That theory first emerged in the spring of 2008, as Clinton supporters circulated an anonymous e-mail questioning Obama’s citizenship.

“Barack Obama’s mother was living in Kenya with his Arab-African father late in her pregnancy. She was not allowed to travel by plane then, so Barack Obama was born there and his mother then took him to Hawaii to register his birth,” asserted one chain email that surfaced on the urban legend site Snopes.com in April 2008.

That Hillary Clinton supporters circulated such an e-mail isn’t in question, but the claim that that’s the moment the birther theory “first emerged” simply isn’t true. The likeliest point of origin we’ve been able to find was a post on conservative message board FreeRepublic.com dated 1 March 2008 (which, according to a report in The Telegraph, was at least a month before Clinton supporters got on the e-mail bandwagon):

I was told today that Obama swore in on a Koran for his Senate seat. I do not believe he did. Can someone clarify this for me? I am under the impression only a Congressman has so far sworn in on a Koran.

Also that Obama’s mother gave birth to him overseas and then immediately flew into Hawaii and registered his birth as having taken place in Hawaii.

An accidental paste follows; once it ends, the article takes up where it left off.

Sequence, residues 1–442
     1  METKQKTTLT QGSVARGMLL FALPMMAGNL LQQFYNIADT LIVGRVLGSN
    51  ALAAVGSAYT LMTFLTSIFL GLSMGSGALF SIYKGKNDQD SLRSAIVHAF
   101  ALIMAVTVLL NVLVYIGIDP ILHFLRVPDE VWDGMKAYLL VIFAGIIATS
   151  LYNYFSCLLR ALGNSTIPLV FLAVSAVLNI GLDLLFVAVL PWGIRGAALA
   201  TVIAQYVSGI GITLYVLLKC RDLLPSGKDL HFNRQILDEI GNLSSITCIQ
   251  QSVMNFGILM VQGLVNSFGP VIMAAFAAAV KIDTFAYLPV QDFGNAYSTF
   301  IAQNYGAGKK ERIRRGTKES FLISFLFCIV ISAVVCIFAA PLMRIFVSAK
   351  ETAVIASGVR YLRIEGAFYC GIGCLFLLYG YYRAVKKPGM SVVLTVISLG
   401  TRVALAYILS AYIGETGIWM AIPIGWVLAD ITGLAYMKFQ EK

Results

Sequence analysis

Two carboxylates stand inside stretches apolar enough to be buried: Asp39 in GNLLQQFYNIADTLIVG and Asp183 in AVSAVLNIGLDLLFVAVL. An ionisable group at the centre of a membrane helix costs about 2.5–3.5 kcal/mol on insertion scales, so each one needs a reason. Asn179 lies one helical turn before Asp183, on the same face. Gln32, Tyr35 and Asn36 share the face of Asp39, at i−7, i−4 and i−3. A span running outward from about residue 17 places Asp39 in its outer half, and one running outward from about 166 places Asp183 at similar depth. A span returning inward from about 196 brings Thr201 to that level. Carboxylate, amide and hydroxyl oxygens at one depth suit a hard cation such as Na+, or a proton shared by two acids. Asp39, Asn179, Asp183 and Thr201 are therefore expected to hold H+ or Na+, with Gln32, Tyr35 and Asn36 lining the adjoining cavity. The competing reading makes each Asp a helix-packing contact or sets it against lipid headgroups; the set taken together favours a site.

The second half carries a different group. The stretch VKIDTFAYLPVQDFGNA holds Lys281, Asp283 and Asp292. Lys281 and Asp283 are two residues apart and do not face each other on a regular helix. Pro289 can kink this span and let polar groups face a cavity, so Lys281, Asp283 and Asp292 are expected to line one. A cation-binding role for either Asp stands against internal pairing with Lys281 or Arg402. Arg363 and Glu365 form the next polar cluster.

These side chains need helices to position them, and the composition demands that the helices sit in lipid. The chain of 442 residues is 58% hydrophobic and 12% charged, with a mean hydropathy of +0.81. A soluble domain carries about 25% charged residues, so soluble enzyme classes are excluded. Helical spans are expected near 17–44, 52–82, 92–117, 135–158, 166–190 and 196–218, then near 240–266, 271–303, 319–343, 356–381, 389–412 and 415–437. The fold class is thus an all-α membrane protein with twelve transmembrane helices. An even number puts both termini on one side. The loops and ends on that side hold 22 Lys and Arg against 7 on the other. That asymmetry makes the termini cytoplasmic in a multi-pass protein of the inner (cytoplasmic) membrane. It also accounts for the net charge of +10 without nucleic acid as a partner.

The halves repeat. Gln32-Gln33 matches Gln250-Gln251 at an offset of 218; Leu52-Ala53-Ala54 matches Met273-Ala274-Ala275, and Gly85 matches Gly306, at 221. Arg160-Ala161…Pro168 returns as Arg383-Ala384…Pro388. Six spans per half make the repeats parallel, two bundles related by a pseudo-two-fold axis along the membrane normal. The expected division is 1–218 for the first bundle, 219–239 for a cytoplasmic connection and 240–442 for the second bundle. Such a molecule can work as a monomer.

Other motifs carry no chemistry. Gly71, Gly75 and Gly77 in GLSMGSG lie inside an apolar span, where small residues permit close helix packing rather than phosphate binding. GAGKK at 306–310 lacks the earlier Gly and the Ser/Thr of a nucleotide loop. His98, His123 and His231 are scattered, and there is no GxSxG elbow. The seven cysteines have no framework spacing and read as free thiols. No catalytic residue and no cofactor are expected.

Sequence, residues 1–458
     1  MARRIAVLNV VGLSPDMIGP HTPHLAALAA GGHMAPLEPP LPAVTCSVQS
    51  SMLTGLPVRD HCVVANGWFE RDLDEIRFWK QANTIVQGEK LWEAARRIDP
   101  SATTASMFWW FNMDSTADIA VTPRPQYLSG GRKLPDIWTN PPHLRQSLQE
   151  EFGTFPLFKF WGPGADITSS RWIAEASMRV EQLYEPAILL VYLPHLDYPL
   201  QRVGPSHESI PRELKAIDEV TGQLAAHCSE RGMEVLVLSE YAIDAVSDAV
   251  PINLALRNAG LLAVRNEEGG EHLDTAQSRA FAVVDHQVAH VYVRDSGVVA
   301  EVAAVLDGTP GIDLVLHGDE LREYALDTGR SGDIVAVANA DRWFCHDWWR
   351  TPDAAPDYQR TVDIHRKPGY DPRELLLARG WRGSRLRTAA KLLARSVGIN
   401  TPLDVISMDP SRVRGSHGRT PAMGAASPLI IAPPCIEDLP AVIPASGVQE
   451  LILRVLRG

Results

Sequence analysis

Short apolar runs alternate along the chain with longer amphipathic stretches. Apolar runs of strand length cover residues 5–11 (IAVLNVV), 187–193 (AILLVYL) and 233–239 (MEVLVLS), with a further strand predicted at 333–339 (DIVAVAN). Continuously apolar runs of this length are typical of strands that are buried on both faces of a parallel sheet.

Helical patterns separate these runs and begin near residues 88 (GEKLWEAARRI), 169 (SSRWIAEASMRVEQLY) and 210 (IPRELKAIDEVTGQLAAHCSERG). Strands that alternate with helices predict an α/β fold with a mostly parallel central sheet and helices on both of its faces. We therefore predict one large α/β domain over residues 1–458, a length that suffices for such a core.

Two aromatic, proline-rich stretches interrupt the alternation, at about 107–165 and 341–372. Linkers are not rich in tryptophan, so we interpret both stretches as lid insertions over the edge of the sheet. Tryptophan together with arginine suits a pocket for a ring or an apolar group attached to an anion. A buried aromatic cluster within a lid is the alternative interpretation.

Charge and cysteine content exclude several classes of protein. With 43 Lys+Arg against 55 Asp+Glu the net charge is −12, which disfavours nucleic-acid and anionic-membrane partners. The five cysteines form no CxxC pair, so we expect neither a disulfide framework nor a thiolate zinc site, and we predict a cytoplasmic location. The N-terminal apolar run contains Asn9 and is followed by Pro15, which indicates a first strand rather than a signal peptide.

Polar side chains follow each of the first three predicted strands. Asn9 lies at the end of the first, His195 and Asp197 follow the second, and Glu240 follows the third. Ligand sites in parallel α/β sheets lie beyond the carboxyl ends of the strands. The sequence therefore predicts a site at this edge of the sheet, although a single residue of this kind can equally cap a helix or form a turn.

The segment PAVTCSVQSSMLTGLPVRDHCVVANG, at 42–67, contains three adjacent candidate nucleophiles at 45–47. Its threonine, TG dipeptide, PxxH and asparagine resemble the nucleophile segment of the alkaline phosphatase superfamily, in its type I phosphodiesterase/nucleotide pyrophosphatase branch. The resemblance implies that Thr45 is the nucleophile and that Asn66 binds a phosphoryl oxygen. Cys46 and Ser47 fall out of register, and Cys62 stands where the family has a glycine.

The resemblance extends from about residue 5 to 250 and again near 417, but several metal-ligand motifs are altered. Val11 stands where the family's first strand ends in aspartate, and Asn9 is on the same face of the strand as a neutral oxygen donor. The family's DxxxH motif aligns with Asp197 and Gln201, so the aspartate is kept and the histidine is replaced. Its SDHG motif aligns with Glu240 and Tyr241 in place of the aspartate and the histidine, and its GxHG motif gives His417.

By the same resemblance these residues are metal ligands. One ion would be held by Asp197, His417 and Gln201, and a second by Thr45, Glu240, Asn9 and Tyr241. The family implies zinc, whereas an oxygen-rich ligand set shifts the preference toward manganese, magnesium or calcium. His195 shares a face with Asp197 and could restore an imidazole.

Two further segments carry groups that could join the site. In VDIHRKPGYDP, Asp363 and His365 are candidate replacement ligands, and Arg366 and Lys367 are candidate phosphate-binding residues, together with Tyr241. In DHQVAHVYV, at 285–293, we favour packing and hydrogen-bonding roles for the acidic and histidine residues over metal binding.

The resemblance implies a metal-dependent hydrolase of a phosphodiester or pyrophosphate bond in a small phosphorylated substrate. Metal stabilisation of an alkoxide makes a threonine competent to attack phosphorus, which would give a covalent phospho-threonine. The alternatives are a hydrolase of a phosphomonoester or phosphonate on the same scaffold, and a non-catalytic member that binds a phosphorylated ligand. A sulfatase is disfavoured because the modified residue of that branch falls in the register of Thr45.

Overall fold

Again, any clarifications on this? Defintely disqualifies him for Prez. There must be some trace of an airticket. While small babies are not charged air fare they do have a ticket issued for them.

Long time ago but there may be some residual information somewhere. Good ammo (if available and true) BEST USED AFTER he becomes PREZ (if that occurs) and it’s too late for Dems – except accept the VP.

The same rumor was repeated, with elaborations, four days later on the conservative blog Ruthless Roundup:

Add to the family history shown in this article that Obama’s mother was allegedly visiting Kenya with Obama’s father in the final months of her pregnancy and was not allowed to board a flight in her late term to return home.

She allegedly had Obama in Kenya and quickly boarded a flight to Hawaii. Airlines do not accept late term pregancies but do not refuse passage to a newborn, usually issuing a 10% or free fare ticket for the trip.

Once in Hawaii, his mother registered him as being born in Hawaii.

The conspiracy theory was already fully formed at this point. Clearly, the Clinton supporters accused of spreading it via forwarded e-mails knew “good ammo” when they saw it, but, as the above posts show, they deserve neither credit nor blame for the invention of birtherism. 

Sources:

Collins, Loren.   “The Secret Origin of the Birthers.”
    Birth of a Notion.   22 June 2011.

Haberman, Maggie and Alan Rappeport.   “Trump Drops False ‘Birther’ Theory, But Floats a New One: Clinton Started It.”
    The New York Times.   16 September 2016.

Pramuk, Jacob.   “Trump: President Barack Obama Was Born in the United States. Period.”
    CNBC.   16 September 2016.

Smith, Ben and Byron Tau.   “Birtherism: Where It All Began.”
    Politico.   22 April 2011.

Waters, Clay.   “NY Times Flubs Timeline of ‘Birther’ Myth: First Spread by Hillary Clinton Supporters in 2008.”
    Newsbusters.   28 April 2011.